Friday, June 12, 2009

An Ocean Ethic

Corey Arnold
Chromira C-print

The son of an avid saltwater fisherman, many of my summer days were spent offshore. Departing the Wachapreague, Virginia, docks at 5 AM, the sky broke pink as my father carefully piloted his Boston Whaler through the salt marsh channels. Upon reaching the ocean inlet, we'd begin a thirty or forty mile run toward the sun-soaked eastern horizon. By 8 AM, we'd be trolling for yellowfin and bluefin tuna, dolphin ("mahimahi"), amberjack, or various mackerel species. If that technique proved unsuccessful (or if my father's fishy hunches proved wrongheaded), we'd move west, closer to shore, so that we could bottom-fish for black sea bass, spot, and weakfish over scuttled World War II ships and defeated German U-boats.

Compared to my father, I was unenthusiastic about salt-water fishing. I much preferred fishing on a pond, fly or spin casting into "honey holes," those storied pockets where the giant largemouth bass, perch and bluegill dwell. The relative solitude and meditative character of freshwater fishing appeals to my temperament. I associate the leisurely activity with the soft-spoken stroke of the canoe paddle; the rhythmic, almost ritualized casting of a fly or lure; the temperate spring breezes that lick my bare forearms as they do the banks' willow and maple trunks; the ecstatic chatter of a kingfisher. Above all, I associate it with a sense of universal benevolence. This, in stark contrast to fishing offshore, where Nature's benevolence is tempered by ambivalent and awesome forces.

Still, I enjoyed being on the open ocean. I loved the bounce and glide of my father's Whaler as it motored over the Atlantic chop, and I was delighted by the otherworldliness of ocean life: shadowy hammerheads passing through depth-piercing sun rays; dolphins propelling themselves skyward to get a better look at us; the surprising company of terns and gulls so far from land; loggerhead sea turtles basking on the ocean's surface; hundreds of cownose rays flying just beneath the water's surface. These images, and many others, stay with me. The ocean is a mysterious, thrilling place.

Sadly, it is also a threatened place. The most dire reports forecast that the ocean's fish species will be depleted by mid-century. If that should come to pass, the commercial seafood industry will no longer be viable and, more seriously, our world's biodiversity and ecological integrity will have been dealt an awful blow. Because of my latter day hunter-gatherer approach to fish and meat consumption, the only shellfish I consume are those few blue crabs and clams that I pull from the Eastern Shore's tidal estuaries. I rarely fish these days, so fish species are off my menu altogether.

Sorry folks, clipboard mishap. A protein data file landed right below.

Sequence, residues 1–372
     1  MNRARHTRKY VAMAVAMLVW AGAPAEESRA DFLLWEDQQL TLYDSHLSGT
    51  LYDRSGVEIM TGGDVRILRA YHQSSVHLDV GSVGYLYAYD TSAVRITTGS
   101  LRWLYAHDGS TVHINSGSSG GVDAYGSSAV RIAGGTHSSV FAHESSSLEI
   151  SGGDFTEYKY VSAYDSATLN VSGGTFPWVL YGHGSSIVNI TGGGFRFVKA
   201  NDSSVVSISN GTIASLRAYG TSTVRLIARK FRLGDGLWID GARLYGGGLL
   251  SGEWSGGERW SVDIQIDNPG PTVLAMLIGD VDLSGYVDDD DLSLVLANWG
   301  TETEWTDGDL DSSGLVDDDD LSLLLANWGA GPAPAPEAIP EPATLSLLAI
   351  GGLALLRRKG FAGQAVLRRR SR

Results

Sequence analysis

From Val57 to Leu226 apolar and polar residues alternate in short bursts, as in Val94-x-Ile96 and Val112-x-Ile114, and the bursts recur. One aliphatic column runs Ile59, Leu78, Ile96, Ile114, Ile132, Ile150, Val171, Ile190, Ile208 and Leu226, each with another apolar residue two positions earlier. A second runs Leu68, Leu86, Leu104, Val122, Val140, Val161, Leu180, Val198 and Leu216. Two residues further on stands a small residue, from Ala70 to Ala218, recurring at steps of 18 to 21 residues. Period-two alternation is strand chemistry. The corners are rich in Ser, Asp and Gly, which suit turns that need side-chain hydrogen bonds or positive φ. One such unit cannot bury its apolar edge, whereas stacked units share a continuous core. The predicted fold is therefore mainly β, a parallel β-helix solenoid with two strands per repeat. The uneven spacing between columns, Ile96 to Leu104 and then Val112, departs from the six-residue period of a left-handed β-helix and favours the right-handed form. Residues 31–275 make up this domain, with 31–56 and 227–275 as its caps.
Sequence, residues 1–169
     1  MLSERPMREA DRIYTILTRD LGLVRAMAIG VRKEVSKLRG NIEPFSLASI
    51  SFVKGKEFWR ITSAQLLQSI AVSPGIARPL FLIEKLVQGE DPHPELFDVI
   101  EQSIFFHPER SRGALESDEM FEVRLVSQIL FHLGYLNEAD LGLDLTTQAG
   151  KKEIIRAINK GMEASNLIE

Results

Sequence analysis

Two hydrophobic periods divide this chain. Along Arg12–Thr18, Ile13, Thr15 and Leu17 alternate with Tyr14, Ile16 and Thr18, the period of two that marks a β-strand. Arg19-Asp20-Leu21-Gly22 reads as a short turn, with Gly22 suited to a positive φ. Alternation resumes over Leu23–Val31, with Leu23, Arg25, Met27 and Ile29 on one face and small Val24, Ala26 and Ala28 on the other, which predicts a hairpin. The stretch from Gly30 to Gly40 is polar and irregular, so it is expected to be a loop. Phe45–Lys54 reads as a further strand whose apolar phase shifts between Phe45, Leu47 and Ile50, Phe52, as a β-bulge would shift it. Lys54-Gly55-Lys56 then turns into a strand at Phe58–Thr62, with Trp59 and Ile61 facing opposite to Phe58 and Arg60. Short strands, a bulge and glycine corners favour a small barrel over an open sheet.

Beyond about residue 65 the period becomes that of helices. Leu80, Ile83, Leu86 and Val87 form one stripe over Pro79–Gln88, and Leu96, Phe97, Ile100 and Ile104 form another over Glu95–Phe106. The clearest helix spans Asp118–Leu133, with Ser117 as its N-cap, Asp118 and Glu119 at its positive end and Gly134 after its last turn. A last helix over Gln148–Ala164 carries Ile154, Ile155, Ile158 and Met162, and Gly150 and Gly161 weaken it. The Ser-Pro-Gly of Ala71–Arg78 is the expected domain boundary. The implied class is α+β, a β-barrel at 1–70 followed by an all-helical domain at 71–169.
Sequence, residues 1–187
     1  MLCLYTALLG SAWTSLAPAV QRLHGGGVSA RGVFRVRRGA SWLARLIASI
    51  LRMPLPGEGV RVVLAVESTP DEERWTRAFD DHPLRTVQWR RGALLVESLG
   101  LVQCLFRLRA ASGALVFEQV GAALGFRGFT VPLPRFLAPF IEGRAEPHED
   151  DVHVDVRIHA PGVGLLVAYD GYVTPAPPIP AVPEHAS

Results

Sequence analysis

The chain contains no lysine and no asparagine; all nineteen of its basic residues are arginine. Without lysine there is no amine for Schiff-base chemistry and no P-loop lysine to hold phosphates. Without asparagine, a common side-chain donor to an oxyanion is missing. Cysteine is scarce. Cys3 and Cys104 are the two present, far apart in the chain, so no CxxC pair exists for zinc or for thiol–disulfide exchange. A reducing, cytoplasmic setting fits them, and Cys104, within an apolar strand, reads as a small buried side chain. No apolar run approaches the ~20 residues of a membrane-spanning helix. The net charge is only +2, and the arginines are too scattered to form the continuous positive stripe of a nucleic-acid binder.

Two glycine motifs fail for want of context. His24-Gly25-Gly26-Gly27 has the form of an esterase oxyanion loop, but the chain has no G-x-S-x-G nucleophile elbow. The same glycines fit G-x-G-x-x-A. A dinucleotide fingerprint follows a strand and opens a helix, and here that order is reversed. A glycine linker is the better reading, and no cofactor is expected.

Food writer Mark Bittman would likely approve of my vegetarian-unless-I-kill-or-catch-it ethic. In a recent New York Times article, "Loving Fish, This Time With the Fish in Mind" (June 9, 2009), Bittman argues for a more conscientious approach to seafood.
"In the meantime, I'm careful. I don’t make excuses, like 'There's cod in the market, so someone is catching it somewhere,' or 'If I don't buy it, someone else will,' or 'This chef serves local food, so he must serve sustainable fish.' If I’m going to eat fish, it must be consciously and thoughtfully.

My approach - which I readily admit is a work in progress and is as imperfect as my approach to all foods - goes something like this:

- I don’t buy or order the common fish I can easily keep in mind as being super-troubled — most cod, for example, or bluefin tuna, most species of shark and skate. When in doubt, I move on.

- With rare exceptions, I don't buy or order farm-raised fish, except clams and oysters. Farmed mussels and shrimp don’t seem to come with egregious environmental consequences, but neither tastes like much, either.

- I don’t eat fish as often as I once did. (I don’t promote eating it as I once did, either.)

- And I keep re-evaluating these 'rules,' and thinking about them. The 'safe' lists are difficult to understand, impossible to remember and change frequently. When the fishing of a species is well managed, it can recover and become sustainable. When it's not, the stocks of that fish disappear, sometimes quickly.

I’m probably not going to stop eating fish. And fortunately I don’t have to, since there are species that have never been depleted - squid and mackerel, for example - and those that have recovered, like haddock and Maine lobster.

It’s improbable that I’ll eat in a perfectly sustainable manner, even though I probably eat one-third as much fish as I did a few years ago. I’m trying not to let perfect become the enemy of good, and I’m trying to find a place that feels comfortable. That place is to see eating fish as a treat. I won’t eat it daily or in huge quantities, but occasionally, with appreciation. The days of 'see it/eat it' are gone."
Every educated eater should do the same, and each of us should strive to educate ourselves further. It's the ethical thing to do.

Time and evolution will march on, heedless of our nostalgic and preservationist impulses, but their ambivalence doesn't mean we've license to shrug and capitulate to the selfish wonts of the average consumer. Future generations should bear witness to the wonderful abundance that we have known and, to a lesser degree, still know. If we eat with an open mind and heart, perhaps that can be so.

Image credit: photograph by Corney Arnold; ripped from the artist's website

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